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Antidepressants form the foundation of depression treatment, together with talk therapy. How well do they work, though, and how does your doctor determine which antidepressant is right for you?

Antidepressants represent, together with talk therapy, one of two main approaches to treatment and paths to recovery from depression. If you are diagnosed with moderate to severe depression, chances are that you'll be offered both. How effective are these medications, though? How do antidepressants compare with talk therapy? Which antidepressant is right for you? How does your doctor determine that?

Let's delve right into these questions. 

How effective are antidepressants?

While research suggests that antidepressants don't make that much of a difference in people with mild depression, who can benefit from lifestyle changes and therapy instead, they play an incredibly important role in treating those with moderate, severe, and long-term depression.

Data shows, for instance, that:

  • 20 to 40 percent of people suffering from moderate to severe depression who took a placebo rather than an antidepressant noticed symptom improvement within six to eight weeks. 
  • 40 to 60 percent of folks with moderate to severe depression who started an antidepressant enjoyed a some symptom relief within that same time frame. 

This means that in general, 20 percent of people who do not get better without antidepressants will make strides toward recovery if they do start on antidepressants. While that may actually sound like a low number, it does mean two in every 10 people who would otherwise still be just as depressed as before feel better when offered antidepressants.

Not all antidepressants will be equally effective for everyone, of course. Research shows that you'll have about a 50 percent chance of "responding" to any particular antidepressant — meaning it does something to reduce your symptoms. If the antidepressant prescribed is not doing its job, another antidepressant or combination of several will be tried.

It is also important to keep in mind that a reduction in the severity of your symptoms doesn't mean that you're not now depressed — that may take a while longer. Some people, however, notice an improvement within a few weeks, and continue to feel better steadily thereafter.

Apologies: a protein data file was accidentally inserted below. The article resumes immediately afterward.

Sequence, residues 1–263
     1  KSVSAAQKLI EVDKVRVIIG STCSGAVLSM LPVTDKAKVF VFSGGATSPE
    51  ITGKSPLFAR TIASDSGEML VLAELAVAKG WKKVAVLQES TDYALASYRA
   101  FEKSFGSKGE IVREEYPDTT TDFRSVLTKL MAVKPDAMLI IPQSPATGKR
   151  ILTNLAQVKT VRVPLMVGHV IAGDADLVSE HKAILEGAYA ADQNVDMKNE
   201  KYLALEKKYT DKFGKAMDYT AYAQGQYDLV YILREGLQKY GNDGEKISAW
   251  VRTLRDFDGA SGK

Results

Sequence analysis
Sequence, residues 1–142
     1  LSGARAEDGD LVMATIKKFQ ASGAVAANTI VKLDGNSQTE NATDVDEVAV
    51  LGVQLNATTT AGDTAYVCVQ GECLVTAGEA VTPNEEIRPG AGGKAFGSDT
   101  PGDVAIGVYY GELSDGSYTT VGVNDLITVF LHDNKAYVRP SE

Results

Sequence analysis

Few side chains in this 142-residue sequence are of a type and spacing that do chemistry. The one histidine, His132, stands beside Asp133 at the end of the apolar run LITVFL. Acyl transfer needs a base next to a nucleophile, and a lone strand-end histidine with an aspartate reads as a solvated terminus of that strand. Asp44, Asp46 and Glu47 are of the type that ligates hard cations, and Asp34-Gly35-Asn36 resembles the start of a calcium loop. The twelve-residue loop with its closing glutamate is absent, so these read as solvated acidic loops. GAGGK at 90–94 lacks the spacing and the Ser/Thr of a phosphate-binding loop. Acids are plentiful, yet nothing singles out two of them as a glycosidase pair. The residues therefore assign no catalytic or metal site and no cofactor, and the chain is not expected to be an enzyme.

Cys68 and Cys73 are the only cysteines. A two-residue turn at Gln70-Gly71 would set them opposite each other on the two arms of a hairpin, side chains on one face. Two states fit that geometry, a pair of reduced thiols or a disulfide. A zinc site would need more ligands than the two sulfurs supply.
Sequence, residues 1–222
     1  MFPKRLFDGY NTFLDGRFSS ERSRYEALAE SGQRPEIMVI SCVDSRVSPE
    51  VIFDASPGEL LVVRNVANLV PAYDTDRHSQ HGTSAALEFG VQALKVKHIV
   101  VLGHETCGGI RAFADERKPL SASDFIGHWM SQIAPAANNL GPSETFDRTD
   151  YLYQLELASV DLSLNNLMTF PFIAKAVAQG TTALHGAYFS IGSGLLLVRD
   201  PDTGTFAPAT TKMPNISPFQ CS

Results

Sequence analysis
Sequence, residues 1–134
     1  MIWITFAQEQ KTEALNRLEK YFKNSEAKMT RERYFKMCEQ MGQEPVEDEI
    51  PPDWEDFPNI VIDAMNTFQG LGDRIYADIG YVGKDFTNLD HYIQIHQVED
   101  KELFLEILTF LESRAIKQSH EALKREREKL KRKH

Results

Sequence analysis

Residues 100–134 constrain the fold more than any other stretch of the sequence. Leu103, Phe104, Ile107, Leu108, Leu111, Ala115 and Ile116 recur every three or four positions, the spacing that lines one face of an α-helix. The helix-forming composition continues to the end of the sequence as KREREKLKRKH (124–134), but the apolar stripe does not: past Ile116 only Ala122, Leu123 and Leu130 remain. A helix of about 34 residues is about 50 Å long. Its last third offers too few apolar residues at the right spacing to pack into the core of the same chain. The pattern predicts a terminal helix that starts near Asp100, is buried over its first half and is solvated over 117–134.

How do antidepressants compare with talk therapy?

To start with, receiving either therapy or antidepressants is, research makes it perfectly clear, much more helpful than a placebo. From that, you can conclude that it's also better than not receiving any treatment at all. 

Multiple studies have found that talk therapy — particularly cognitive behavioral therapy — is about as effective as antidepressants in the treatment of moderate depression. In people with severe symptoms, however, it does seem that starting with antidepressants is the approach most likely to relieve depression. These patients will still benefit from therapy as their antidepressants kick in. 

Interestingly, it seems like antidepressants and therapy both equally address physical and cognitive or emotional symptoms of depression — it's not like you need antidepressants to deal with the fatigue, insomnia, appetite changes, and other changes your body goes through when depressed, while therapy helps you come to a healthier state of mind. Both treatment approaches can help you with both physical and mental symptoms. 

While either antidepressants or therapy will be helpful for people with moderate rather than severe depression, the best approach will lie in combining the two for many patients. 

What antidepressant is right for you?

There's plenty of choice when it comes to antidepressants today. This is good news, because it means that if one antidepressant either doesn't help you or gives you unbearable side effects, your doctor can consider many other options. Apart from the most commonly used classes of antidepressants — tricyclic antidepressants, selective serotonin reuptake inhibitors (SSRIs), and selective serotonin noradrenaline reuptake inhibitors (SSNRIs) — there are also monoamine oxidase (MAO) inhibitors, selective noradrenaline reuptake inhibitors, alpha-2 blockers, and some other classes. 

Your prescribing doctor will consider these factors when deciding which antidepressant is right for you:

  • Co-existing medical conditions you may have. (This matters because some antidepressants may raise your blood pressure, for instance, so they're not as suitable for people with hypertension, while others are more likely to cause constipation, which would be unfortunate if you already deal with that.)
  • The side effects a particular drug is likely to cause. You play a role here too — tell your doctor which side effects would bother you most.
  • Your history of depression — if you were previously depressed and took an antidepressant that worked well for you, you will likely be prescribed the same medication again.
  • Which antidepressants are most likely to work well in general. Research has found that escitalopram (Lexapro), paroxetine (Seroxat), sertraline (Zoloft), agomelatine, and mirtazapine are most effective. Specifically, they generally relieve depression symptoms well, and cause fewer side effects than some other medications — which in turn means you're more likely to stick with them. 
After you and your doctor decide on an antidepressant, they'll monitor your progress to see how you are getting on. The lowest possible dose will be suggested initially, and this can be adjusted later on if necessary. If you do not see any improvement in your symptoms, or experience concerning side effects, you and your healthcare provider may choose to try a different medication instead. 

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